To riff off of notleia’s comment, IMO Sleepy Hollow is big and dumb and knows exactly just how big and dumb it is, which is why it actually worked for me. Yes, the Biblical stuff is eye-rollingly bad and so for that matter is the “history” of the witch hunts and the population of Sleepy Hollow (which is, in reality, less than 10% of the 144,000 they needed for that particular Biblical allusion). Which makes me on the verge of deciding that the show takes place in an alternate universe version of Earth where both the Bible and American history are different.

(Whether speculating about an alternate universe where the Bible is different is worthwhile or not is left as an exercise to the viewer, but at least then it might make sense that both Abbie and Ichabod referred to the “Book of RevelationS”. Maybe it actually IS called that in their universe!)

I haven’t decided yet whether I’ll go on watching the show or for how long, because I am really not fond of stuff focusing on demons, witches and other supernatural creatures of horror, and the more the show goes into that the farther I am from enjoying it.

BUT, I was completely charmed by Ichabod’s dry humor, and I adore Abbie, and I think the show does a lot of interesting things that we don’t often see on television (GOOD things, like having a non-white female lead in a show that isn’t “about” race, and making Abbie a likeable, capable, compassionate character who is a woman rather than the cliched “Strong Female Character” who is basically just an exaggerated action-hero male in a woman’s body, and having a truly multicultural cast where the PoC characters are regulars and not window dressing or cannon fodder).

In short, I like it with reservations, and time will tell. But I adore the main characters and the emotional beats, and that’s a big thing for me.

Rebecca LuElla Miller

Glad you weighed in RJ. I wondered what you thought. I saw some of your tweets but it was before I’d seen the show so I didn’t know what to make of half of them. πŸ˜‰


H.G. Ferguson
H.G. Ferguson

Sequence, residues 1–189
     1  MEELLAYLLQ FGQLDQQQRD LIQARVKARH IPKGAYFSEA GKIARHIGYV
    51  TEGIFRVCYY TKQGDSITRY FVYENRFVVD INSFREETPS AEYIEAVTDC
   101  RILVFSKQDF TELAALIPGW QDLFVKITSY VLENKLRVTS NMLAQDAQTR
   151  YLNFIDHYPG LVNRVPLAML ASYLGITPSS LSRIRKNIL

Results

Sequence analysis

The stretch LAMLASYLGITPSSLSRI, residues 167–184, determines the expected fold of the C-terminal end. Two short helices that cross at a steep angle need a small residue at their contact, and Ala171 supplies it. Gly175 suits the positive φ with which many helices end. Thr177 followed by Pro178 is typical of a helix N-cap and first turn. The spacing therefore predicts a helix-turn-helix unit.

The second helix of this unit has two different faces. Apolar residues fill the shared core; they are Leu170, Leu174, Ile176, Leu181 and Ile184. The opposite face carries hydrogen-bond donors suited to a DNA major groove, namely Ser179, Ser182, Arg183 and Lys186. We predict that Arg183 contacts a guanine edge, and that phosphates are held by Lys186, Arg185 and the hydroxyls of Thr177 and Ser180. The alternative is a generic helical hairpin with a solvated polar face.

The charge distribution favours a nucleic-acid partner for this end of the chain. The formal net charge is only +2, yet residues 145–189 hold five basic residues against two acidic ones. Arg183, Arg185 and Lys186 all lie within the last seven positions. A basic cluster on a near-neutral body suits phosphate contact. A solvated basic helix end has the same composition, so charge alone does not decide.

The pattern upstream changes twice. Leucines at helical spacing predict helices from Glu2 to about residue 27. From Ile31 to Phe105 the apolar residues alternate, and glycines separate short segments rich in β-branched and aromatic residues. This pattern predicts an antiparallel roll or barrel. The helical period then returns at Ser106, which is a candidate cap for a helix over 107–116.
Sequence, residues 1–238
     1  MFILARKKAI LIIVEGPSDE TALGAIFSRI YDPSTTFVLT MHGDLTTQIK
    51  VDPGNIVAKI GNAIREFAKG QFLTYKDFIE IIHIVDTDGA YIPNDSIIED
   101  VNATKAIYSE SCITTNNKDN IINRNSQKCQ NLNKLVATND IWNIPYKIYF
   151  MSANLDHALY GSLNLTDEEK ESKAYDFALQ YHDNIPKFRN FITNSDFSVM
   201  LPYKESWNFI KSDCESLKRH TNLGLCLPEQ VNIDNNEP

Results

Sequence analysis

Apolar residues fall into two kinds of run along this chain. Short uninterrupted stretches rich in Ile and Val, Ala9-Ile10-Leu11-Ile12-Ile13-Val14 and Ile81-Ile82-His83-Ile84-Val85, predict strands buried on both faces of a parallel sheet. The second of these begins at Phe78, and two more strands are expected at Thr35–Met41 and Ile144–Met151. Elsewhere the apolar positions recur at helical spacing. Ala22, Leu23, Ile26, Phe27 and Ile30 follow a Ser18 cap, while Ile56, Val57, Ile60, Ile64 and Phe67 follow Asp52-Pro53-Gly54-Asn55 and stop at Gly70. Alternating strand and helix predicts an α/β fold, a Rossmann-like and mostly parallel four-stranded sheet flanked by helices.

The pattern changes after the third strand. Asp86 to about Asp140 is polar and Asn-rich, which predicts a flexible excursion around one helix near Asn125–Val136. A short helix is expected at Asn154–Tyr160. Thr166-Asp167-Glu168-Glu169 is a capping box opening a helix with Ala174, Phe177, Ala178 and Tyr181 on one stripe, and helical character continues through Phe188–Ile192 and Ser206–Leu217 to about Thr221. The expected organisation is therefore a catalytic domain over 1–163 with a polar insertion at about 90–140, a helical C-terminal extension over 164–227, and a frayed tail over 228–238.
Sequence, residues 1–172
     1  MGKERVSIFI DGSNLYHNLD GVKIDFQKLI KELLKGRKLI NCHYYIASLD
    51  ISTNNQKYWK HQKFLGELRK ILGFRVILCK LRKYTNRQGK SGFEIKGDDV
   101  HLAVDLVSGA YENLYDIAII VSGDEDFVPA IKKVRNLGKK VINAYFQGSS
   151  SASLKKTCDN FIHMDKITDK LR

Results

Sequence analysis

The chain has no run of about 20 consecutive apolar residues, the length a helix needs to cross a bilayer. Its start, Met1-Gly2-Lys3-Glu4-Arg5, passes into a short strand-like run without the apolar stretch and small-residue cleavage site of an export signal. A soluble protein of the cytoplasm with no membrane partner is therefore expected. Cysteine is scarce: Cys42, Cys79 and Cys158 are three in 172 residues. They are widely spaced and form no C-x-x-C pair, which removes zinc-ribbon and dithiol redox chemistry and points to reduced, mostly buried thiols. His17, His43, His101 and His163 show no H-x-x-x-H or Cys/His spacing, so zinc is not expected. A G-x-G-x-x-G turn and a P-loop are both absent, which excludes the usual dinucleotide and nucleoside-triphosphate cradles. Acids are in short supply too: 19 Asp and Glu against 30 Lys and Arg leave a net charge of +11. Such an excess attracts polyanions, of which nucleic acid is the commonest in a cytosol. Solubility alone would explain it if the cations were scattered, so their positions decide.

Sleepy Hollow embodies all the worst trends in television horror and even in some horror stories. We hit the ground running, pant, pant, pant, pant, and we keep running pant, pant, pant, pant, no atmosphere, no build-up of mood of any kind and all of the comments re the misuse of Scripture, Ichabod’s adjustment to the modern world are all dead on. This show makes no attempt whatsoever to anchor itself to the “real world,” i.e., the world without the weird, making the whole thing ridiculous. There is no way today cops could have an ineffective firefight with a headless horseman and then “they recanted” and we forget all about it. Nor can a resurrected corpse just leave the morgue, steal a police patrol car and drive around without the whole county police force looking for the stolen car. Impossible. Not real. If the “non-weird” becomes unreal, the “weird” becomes even more so. For horror to “work” the “real world” must be given its place, just as Tolkien advocated making his fantasy world as “real” as possible. We all know how THAT turned out πŸ™‚ precisely BECAUSE he succeeded so well. Horror is not different, even “speculative Christian horror” — weirdness on page one, or minute 1 if on television, doesn’t work either. Case in point: the first two seasons of SUPERNATURAL were anchored to the “real world” in almost every episode. By season 3 however, it tailspinned into a visual comic book and now we have things happening so outrageously unbelievable my wife and I have bailed. Sleepy Hollow does the same thing, only right out the gate. We’re bailing on that too, having concluded episode 2.